Now when you file your case, the Court will assign a resolution plan date. On this date, you must come to Court with a fully completed financial affidavit. The Court will require that you meet with the social workers at Family Services who will try to see if they can help you come to an early agreement on your divorce before you are allowed to see a judge. Your case will be scheduled on the same date as many others, so you may have to wait around for quite a while for your turn to speak to Family Services. If you cannot resolve your case that day, then your case will be assigned a level of difficulty for your case. One level is for cases that might need just a little more time to settle, another level is for cases that may likely need a full trial on all issues, and a final level for cases that are somewhere in between.
Cases that might settle more easily will be given follow up visits to family services to see if they can resolve their issues. Cases that do not look like they will resolve easily will be assigned a trial track. The trial track may look different in various courthouses around the State of Connecticut. However, they might involve a meeting with Special Masters. Special Masters are experienced family law attorneys who have been appointed by the Court to listen to the attorneys for the parties about the case, and then give a recommendation of settlement terms for the case. If the parties are not satisfied with the recommendation of the Special Masters, then the Court might order a pre-trial with a judge. In a pre-trial, the judge will again hear the attorney’s for the parties summarize their case, and then the judge will issue recommendations of how the case should settle. Very often cases settle at this stage.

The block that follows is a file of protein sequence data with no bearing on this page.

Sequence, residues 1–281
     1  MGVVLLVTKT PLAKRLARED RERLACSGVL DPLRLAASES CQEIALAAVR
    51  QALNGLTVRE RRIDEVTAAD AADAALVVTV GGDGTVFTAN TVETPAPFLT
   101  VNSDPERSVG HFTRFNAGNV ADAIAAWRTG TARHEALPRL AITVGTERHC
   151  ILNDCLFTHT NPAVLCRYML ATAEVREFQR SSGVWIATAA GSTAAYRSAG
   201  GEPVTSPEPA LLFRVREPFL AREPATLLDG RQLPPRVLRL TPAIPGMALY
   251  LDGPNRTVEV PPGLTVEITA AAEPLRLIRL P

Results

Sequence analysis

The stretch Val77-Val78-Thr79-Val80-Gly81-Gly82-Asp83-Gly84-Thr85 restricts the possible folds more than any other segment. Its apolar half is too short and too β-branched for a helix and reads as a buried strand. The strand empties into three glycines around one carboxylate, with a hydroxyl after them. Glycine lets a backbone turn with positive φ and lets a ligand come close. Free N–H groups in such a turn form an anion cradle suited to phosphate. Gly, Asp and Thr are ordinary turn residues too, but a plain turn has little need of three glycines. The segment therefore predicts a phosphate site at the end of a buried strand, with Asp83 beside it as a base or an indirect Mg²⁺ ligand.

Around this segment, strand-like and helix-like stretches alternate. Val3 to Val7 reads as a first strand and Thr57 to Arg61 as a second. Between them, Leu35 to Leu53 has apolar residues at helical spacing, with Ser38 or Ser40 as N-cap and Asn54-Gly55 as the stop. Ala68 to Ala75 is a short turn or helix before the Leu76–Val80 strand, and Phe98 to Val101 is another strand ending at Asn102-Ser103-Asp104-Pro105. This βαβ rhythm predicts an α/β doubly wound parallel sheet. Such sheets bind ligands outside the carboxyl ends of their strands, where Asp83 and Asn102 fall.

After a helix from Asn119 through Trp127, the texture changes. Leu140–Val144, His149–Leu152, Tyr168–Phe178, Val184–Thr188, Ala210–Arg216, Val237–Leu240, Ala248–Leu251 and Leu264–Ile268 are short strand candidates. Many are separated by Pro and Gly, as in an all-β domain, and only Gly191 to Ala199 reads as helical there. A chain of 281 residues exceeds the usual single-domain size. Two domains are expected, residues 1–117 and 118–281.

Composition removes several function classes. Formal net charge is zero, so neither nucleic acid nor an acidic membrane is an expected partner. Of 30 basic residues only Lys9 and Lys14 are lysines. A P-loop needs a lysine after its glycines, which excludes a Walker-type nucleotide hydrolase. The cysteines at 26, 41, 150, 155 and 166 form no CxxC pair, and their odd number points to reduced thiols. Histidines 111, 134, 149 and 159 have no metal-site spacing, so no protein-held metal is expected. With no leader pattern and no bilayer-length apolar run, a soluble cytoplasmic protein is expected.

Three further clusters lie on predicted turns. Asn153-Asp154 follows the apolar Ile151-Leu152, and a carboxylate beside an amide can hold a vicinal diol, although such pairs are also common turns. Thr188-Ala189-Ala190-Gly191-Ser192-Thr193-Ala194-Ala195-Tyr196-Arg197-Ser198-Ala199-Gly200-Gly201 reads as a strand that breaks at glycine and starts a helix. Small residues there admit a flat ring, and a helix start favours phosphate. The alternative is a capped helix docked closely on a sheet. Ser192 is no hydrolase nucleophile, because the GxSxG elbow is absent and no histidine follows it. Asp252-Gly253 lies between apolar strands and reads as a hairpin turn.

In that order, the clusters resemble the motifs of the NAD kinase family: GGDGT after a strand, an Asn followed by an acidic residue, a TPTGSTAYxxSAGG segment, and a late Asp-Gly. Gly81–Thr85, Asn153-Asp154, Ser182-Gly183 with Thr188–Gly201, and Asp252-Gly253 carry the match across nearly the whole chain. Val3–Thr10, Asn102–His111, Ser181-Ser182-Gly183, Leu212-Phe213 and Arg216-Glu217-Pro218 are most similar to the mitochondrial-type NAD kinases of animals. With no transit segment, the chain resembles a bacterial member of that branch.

The Pathways system has not provided any real advantages for litigants in helping them to get their cases settled earlier. The case dates, hearings on pendente lite motions, are still taking months to get scheduled. In the meantime, parties are still suffering from lack of access to their children or lack of child support while they wait for their case date to be heard. The Court’s schedules can still take over a year for an actual trial to be scheduled.
If you need assistance navigating your way through this new court system for your custody or divorce case in Stamford, Connecticut or any other part of Fairfield County, call Attorney Kevin L. Hoffkins at (203) 612-7015.